A wholly original film with a twist you never see coming, Damsel is a hysterical western from the minds of David Zellner and Nathan Zellner.
Samuel Alabaster (Robert Pattinson) has tracked down the location of the woman he plans to marry, Penelope (Mia Wasikowska). As he sets through in his journey, he hires Parson Henry (David Zellner) to officiate the wedding when he finds his future bride in addition to a gift, a miniature horse called Butterscotch. Samuel tells Parson Henry that Penelope is being held captive by Anton Cornell. Along the way, they run into Anton’s brother, Rufus (Nathan Zellner).
Where the fun truly begins is the film’s second half after Samuel reunites with Penelope. Only Penelope does not have the same feelings. Penelope takes over the second half much in the same way that Samuel led the first half. The halfway point of the film, for better or worse, will be debated about for quite some time.
There’s a lot to love and enjoy about the film. There’s some bold storytelling choices on the Zellners’ part. One of those choices will no doubt lead to potential claims of the film being marketed as a love story. True, there is a layer of romance at stake but it’s a one-sided romance at best. This is because the feelings that Samuel has for Penelope are not reciprocated. This begs the question of just what was behind the the dancing scene at the beginning. Is it real or fantasy? The Zellners, at a post-screening Q&A in May, were tight-lipped about that scene to say the least. As far as debate, the scene is right there with the ending of The Florida Project.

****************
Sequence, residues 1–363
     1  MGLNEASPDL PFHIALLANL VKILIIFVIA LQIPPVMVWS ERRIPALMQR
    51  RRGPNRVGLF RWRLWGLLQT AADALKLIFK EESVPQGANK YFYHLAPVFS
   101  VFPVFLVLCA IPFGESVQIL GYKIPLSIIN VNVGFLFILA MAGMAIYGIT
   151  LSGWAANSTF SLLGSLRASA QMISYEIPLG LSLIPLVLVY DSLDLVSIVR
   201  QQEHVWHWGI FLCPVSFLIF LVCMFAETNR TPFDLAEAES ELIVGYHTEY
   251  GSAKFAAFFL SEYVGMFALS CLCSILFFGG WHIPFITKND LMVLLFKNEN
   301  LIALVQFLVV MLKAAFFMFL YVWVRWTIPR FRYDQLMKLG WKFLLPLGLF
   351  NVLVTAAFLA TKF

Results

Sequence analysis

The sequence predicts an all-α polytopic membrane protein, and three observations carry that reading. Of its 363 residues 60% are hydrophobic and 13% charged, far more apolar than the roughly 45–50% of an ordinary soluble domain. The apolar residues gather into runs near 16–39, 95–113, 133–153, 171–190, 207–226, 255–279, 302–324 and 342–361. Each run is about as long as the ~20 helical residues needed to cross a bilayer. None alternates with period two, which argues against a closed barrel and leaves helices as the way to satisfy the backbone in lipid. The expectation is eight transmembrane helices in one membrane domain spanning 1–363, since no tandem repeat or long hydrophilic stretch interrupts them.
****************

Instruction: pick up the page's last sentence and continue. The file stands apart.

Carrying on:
Make no mistake that Damsel is the funniest western in years. The genre is one that doesn’t quite get the same love as it did in the past. The film generally avoids the gruesome murders that are typically featured on screen. One notable murder is wisely shown off-screen. The aforementioned murder is also one of the Zellners’ boldest choices by far.
It’s a solid performance on part of both leads. It’s not quite up there with Robert Pattinson’s performance in Good Time but he’s been making some solid choices in his career of late. Taking on a role in a film in which he’s only in half of it is a very fascinating choice. Pattinson doesn’t play any of it down. He brings the slapstick nature to his character.
As for Mia Wasikowska, she gets the second lead in the film. Given the nearly 2 hour running time, we’re waiting about as long as we did for Harrison Ford in Blade Runner 2049 for Mia’s first real appearance, comparatively speaking. Once she shows up, she earns the second lead billing through her performance.
The film is the type of western that looks one way on paper but in reality, it’s a completely different film altogether. Filmmakers don’t make westerns like they used to but Damsel may be the funniest to come around in years.
DIRECTORS/SCREENWRITERS: David Zellner and Nathan Zellner
CAST: Robert Pattinson, Mia Wasikowska, David Zellner, Nathan Zellner, Joe Billingiere, and Robert Forster
Following the world premiere at the 2018 Sundance Film Festival, Magnolia Pictures and Grace Point Media will release the film in theaters on June 22, 2018.